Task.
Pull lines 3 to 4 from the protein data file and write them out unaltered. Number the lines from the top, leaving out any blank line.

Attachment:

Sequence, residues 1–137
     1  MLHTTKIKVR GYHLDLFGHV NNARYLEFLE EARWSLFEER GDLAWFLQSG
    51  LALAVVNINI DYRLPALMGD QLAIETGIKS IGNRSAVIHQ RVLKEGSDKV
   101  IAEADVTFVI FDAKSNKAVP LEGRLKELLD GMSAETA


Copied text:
    51  LALAVVNINI DYRLPALMGD QLAIETGIKS IGNRSAVIHQ RVLKEGSDKV
   101  IAEADVTFVI FDAKSNKAVP LEGRLKELLD GMSAETA